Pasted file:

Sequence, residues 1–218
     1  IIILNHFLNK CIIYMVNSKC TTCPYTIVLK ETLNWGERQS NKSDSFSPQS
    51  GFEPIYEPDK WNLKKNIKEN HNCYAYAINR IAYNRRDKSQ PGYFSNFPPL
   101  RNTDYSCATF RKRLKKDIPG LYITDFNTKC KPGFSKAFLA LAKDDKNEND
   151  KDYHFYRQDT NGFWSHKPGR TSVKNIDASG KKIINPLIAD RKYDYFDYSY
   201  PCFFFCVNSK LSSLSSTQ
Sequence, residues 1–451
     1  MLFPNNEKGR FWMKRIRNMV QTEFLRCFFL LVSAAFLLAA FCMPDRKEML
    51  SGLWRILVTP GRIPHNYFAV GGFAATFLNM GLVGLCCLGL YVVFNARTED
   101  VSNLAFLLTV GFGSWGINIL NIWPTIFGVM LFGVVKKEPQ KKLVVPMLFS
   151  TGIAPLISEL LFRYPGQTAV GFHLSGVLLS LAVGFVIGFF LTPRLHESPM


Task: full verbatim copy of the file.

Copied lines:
Sequence, residues 1–218
     1  IIILNHFLNK CIIYMVNSKC TTCPYTIVLK ETLNWGERQS NKSDSFSPQS
    51  GFEPIYEPDK WNLKKNIKEN HNCYAYAINR IAYNRRDKSQ PGYFSNFPPL
   101  RNTDYSCATF RKRLKKDIPG LYITDFNTKC KPGFSKAFLA LAKDDKNEND
   151  KDYHFYRQDT NGFWSHKPGR TSVKNIDASG KKIINPLIAD RKYDYFDYSY
   201  PCFFFCVNSK LSSLSSTQ
Sequence, residues 1–451
     1  MLFPNNEKGR FWMKRIRNMV QTEFLRCFFL LVSAAFLLAA FCMPDRKEML
    51  SGLWRILVTP GRIPHNYFAV GGFAATFLNM GLVGLCCLGL YVVFNARTED
   101  VSNLAFLLTV GFGSWGINIL NIWPTIFGVM LFGVVKKEPQ KKLVVPMLFS
   151  TGIAPLISEL LFRYPGQTAV GFHLSGVLLS LAVGFVIGFF LTPRLHESPM